IT budgets in schools are getting smaller, according to a trade association of educational suppliers.
This was a direct result of the recession, as schools tighten their expenditure in all areas, the British Educational Suppliers Association said in newly published research. It interviewed IT heads in 770 primary and 572 secondary schools.
Overall, UK-wide budgets will fall £9.8 million this year. Primary school budgets will decrease 2.2 percent in 2009-2010, averaging at £13,990, said the ‘ICT in UK state schools’ report. Secondary school budgets will fall one percent to £64,750.
The following year, the fall is expected to be more dramatic, at 4.4 percent and 2.7 percent in primary and secondary schools respectively, in spite of the curriculum placing more demands on technology.
Currently, primary schools offer one PC for every 6.9 pupils, and secondary schools one computer to 4.2 pupils, an improvement on previous years. BESA said there would be 2.5 million PCs in schools during 2010, but that schools estimate 3.2 million would be needed to implement full IT development plans,
Ray Barker, director at BESA, said schools were spending funds “wisely”, noting that budgets had grown consistently since 2001. But he cautioned them against making heavy cuts, adding: “We don’t want schools to be saving their money ‘just in case’. ... If we are to become a competitive economy then education, and technology, will be key.”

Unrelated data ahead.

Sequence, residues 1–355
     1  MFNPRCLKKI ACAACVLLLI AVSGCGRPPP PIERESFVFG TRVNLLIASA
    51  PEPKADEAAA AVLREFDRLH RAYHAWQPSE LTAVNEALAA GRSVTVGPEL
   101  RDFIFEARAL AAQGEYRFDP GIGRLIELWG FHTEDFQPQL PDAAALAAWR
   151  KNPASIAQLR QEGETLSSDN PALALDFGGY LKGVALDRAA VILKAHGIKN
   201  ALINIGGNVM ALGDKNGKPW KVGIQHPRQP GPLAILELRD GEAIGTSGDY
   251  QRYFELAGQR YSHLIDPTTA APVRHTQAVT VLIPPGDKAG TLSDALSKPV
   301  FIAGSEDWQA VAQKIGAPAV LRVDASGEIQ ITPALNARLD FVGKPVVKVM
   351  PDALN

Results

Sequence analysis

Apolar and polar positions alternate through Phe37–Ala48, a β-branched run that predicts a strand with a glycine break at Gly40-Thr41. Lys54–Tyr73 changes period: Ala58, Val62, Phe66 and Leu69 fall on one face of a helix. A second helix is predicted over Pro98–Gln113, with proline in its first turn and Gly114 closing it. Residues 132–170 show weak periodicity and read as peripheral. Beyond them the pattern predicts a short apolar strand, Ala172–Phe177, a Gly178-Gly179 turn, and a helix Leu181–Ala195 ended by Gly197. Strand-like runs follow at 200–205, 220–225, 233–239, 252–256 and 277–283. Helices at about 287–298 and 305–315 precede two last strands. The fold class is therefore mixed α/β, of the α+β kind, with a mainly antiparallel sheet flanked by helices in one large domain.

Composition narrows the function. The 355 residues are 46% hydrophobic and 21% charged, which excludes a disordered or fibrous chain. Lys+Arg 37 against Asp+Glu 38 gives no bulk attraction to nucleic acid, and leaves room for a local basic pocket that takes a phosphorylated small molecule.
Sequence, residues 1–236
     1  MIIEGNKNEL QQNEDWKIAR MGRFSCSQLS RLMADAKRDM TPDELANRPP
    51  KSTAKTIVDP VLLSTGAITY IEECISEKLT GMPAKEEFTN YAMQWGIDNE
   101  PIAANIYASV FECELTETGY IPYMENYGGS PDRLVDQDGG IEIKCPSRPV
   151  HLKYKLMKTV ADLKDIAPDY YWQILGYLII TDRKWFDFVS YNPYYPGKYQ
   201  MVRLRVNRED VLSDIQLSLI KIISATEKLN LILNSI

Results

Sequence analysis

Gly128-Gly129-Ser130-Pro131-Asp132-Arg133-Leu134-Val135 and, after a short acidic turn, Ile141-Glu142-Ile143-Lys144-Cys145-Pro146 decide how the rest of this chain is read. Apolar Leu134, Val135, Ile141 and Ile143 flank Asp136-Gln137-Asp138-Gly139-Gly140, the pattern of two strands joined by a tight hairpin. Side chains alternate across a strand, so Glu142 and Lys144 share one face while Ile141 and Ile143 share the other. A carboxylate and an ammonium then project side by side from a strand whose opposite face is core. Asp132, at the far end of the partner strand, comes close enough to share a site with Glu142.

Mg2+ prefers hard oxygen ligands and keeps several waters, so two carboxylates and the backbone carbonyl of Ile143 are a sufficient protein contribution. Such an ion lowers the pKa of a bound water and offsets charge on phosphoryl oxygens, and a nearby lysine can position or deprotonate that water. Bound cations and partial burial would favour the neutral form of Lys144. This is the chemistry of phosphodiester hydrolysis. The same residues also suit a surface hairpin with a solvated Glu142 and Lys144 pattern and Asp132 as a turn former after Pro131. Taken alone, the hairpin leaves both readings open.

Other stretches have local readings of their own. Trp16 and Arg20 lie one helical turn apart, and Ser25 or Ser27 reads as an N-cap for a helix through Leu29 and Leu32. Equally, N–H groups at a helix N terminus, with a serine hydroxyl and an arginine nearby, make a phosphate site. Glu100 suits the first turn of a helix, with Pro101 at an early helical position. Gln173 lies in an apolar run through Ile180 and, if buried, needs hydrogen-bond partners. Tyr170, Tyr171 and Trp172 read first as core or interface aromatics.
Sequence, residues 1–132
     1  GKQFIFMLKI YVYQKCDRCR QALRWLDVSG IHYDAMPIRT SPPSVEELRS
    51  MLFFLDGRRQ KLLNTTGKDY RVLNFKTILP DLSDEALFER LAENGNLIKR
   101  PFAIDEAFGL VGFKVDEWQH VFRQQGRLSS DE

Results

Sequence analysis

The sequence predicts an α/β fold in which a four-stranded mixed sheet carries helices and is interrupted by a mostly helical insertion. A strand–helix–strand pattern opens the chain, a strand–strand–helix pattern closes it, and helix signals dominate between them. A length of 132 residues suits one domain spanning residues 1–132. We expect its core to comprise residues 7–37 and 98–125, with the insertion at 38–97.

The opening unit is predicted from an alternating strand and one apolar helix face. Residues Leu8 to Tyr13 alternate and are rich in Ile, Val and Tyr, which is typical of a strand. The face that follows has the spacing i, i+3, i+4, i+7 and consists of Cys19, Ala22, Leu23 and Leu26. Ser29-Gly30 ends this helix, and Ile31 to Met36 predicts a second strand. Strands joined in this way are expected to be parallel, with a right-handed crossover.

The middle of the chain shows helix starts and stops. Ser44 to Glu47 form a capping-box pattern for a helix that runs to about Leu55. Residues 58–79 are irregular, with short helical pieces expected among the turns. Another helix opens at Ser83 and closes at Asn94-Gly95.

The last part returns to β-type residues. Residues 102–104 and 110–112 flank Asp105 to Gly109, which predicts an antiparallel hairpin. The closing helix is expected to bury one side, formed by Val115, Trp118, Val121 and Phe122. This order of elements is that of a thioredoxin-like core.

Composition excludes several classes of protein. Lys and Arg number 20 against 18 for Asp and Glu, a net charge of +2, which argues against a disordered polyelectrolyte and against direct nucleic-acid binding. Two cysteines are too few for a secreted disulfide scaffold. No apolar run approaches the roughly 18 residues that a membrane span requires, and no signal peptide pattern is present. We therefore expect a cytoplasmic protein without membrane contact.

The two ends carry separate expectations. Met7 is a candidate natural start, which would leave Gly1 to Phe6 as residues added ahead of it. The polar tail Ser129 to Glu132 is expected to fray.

Schools saw investment in IT as important as technology becomes “more embedded within the curriculum”, he said. Many were particularly concerned about their lack of laptop computers and wireless networks.
But the BESA report also highlighted a decline in the ammount of IT training for teachers in IT with only 59 percent of primary teachers and 55 percent of secondary teachers receiving relevant training, compared to 67 percent and 72 percent respectively two years ago.
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